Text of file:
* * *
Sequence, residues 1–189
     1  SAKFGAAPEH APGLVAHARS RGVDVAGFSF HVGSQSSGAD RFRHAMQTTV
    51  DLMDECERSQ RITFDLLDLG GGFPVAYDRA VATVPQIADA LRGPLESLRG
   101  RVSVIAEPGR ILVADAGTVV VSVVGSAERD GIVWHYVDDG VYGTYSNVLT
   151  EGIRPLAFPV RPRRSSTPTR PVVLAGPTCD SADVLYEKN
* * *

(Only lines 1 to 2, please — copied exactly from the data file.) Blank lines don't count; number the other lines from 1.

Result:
Sequence, residues 1–189
     1  SAKFGAAPEH APGLVAHARS RGVDVAGFSF HVGSQSSGAD RFRHAMQTTV